Nine suspected al-Qaida members accused of plotting attacks in the United Arab Emirates have gone on trial in Abu Dhabi's state security court, newspapers reported Tuesday.
A first hearing was held Monday, and the case adjourned until May 19 to allow for defense lawyers to be appointed, the reports said.
The nine accused of forming an al-Qaida cell, including one being tried in absentia, are Arab nationals, most of them from North Africa, according to Al-Khaleej newspaper.
They are charged with "planning attacks damaging to the country's security and (foreign) residents."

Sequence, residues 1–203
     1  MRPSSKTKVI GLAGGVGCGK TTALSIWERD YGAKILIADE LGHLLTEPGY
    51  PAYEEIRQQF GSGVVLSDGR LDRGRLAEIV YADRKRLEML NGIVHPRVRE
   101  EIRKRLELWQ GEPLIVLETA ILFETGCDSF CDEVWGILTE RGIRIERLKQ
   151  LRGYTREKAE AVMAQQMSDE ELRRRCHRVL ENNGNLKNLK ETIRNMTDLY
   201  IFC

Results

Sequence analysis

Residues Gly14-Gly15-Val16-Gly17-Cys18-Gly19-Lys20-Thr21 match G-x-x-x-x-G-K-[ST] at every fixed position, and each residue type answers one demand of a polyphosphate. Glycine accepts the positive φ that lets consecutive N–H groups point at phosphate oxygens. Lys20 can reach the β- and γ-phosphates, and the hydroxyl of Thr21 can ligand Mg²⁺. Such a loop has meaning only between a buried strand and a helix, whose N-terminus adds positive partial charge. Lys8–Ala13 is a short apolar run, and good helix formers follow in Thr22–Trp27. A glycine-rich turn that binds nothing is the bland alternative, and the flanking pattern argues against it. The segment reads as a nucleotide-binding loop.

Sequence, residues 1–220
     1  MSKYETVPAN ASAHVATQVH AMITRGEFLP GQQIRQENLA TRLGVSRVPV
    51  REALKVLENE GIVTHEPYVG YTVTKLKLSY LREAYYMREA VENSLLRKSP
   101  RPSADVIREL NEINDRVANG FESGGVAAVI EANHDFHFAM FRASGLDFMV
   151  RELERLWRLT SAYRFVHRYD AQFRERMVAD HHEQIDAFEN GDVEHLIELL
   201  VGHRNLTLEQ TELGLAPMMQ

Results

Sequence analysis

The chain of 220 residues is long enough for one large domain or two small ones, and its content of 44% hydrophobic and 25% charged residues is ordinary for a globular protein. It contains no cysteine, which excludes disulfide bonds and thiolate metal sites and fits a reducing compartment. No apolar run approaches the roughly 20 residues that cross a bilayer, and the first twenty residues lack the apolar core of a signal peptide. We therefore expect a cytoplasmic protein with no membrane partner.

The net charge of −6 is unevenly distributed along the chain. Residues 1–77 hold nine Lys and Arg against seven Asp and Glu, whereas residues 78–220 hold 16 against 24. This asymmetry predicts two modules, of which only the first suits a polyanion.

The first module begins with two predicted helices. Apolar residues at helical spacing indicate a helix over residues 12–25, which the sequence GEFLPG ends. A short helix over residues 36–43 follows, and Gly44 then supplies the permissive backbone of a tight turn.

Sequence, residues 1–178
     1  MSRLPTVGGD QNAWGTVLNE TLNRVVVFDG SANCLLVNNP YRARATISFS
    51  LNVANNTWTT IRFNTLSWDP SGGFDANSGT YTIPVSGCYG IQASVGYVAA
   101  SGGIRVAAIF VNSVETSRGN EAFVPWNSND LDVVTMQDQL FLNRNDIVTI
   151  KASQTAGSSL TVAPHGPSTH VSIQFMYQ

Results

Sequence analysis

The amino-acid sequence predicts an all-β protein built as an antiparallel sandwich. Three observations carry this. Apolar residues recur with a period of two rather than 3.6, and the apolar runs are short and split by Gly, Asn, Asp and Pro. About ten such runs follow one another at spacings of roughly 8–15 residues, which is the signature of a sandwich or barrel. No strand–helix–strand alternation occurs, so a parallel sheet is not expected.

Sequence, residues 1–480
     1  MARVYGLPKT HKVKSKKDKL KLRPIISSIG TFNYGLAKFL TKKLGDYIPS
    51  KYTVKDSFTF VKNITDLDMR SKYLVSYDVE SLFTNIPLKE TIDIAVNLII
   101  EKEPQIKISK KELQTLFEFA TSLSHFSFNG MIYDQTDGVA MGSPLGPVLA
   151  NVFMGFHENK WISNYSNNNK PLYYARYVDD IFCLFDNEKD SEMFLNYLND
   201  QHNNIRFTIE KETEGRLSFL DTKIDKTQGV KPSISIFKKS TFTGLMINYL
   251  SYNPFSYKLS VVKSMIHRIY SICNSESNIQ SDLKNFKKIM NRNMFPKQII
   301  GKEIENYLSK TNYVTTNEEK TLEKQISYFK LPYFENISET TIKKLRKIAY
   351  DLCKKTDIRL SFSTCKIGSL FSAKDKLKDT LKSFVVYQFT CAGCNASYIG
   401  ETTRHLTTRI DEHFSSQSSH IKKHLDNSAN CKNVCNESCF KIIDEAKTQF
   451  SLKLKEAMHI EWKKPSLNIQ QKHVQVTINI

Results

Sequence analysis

The indictment also accuses them of having "recruited, financed and given logistical support to al-Qaida" and attempting "to extend their activities to other countries in the region."
Abu Dhabi announced in April 2013 having dismantled an al-Qaida cell planning attacks in the United Arab Emirates, one of the stablest countries in the Middle East.
The UAE, like its neighboring fellow monarchies in the Gulf, emerged unscathed from the wave of Arab Spring uprisings in 2011.
But dozens of Emiratis and Egyptians have been jailed in past months for forming cells of the Muslim Brotherhood, which is outlawed in Egypt and accused of seeking to overthrow the Gulf monarchies.
Foreigners account for more than 85 percent of the estimated UAE population of eight million, lured by work opportunities in the oil-rich country.
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